The National Health and Medical Research Council (NHMRC) has the responsibility for awarding grants for this program and the Committee examined the funding allocation and criticisms that scientists who had found health effects of electromagnetic radiation were overlooked for funding, the length of time taken to get research results, the fact that the public information program had proceeded ahead of the research and accusations that there was an industry bias in the allocation of funds.

Submissions argued that in the light of identified gaps in knowledge of health effects, the need for replication, the cost of research, particularly animal studies, the value of the mobile phone industry, the significant revenue earned by government from the industry and the large number of people exposed, that a much larger sum should be available on an ongoing basis.

Counter arguments were made by the NHMRC to the effect that the program was consistent with amounts awarded in other areas of medical research, that a higher level of government funding would mean other projects would not be funded.  It said that setting priorities for research spending was ultimately a social or political decision.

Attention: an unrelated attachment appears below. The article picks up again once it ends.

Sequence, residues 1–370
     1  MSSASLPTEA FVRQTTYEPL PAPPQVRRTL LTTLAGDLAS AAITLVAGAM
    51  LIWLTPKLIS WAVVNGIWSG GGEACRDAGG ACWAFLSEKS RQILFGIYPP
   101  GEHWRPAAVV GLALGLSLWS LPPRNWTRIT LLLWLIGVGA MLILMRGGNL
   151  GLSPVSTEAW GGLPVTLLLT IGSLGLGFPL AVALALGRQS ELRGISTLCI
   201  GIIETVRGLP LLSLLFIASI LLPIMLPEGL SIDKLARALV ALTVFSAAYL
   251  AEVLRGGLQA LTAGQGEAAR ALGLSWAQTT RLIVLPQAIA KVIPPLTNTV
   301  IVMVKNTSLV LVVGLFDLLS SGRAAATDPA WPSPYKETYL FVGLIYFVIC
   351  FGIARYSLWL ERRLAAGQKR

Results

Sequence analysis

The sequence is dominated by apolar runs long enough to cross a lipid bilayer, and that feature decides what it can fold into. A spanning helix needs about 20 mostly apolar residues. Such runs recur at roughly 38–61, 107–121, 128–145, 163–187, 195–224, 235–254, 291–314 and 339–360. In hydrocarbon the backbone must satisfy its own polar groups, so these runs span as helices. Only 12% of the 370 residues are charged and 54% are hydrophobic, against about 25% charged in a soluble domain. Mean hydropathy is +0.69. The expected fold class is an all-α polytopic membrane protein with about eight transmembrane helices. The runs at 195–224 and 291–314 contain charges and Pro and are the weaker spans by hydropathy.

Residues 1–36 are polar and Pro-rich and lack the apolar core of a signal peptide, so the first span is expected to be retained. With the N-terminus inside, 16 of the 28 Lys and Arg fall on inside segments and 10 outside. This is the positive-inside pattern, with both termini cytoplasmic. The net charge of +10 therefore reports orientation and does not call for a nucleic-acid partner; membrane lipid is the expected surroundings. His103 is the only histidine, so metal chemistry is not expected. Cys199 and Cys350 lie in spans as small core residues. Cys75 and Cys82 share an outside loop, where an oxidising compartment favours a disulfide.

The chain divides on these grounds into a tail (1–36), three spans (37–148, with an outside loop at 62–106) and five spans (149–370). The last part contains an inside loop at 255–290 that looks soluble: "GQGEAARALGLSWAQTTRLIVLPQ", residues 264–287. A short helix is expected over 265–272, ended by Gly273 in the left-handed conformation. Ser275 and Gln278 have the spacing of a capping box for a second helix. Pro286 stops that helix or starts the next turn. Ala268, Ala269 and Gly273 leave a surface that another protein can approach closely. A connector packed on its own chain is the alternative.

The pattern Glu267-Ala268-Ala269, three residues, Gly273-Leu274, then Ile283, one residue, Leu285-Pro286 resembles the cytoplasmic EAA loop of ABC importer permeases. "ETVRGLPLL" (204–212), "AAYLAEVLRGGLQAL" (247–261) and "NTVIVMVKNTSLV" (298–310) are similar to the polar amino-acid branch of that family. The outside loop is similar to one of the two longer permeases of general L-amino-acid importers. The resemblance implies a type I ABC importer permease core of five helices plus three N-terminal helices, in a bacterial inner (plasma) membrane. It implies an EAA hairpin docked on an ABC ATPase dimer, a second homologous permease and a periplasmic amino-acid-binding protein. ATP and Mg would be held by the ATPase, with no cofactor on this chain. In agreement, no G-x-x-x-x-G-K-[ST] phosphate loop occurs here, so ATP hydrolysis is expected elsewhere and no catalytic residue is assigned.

The NHMRC had reservations about the small number of researchers in this field being available to take up significantly more grants but acknowledged that one-off funding did not encourage specialisation.

There was general agreement on the need for research funding to be at arms-length from industry and whilst generally finding no fault with the NHMRC’s processes, the Committee Chair was critical of the fact that Motorola employee, Dr Ken Joyner, is a member of the NHMRC’s Radiofrequency Electromagnetic Energy Expert Committee and involved in the grant awarding process.  Despite assurances that this role is a non-voting one, the Committee Chair is of the view that it is nonetheless an influential role and that for the sake of public confidence in the program, all members should be quite independent of industry.

The RF EME program was criticised as piece-meal, too scattered across institutions and lacking in structure and strategic planning.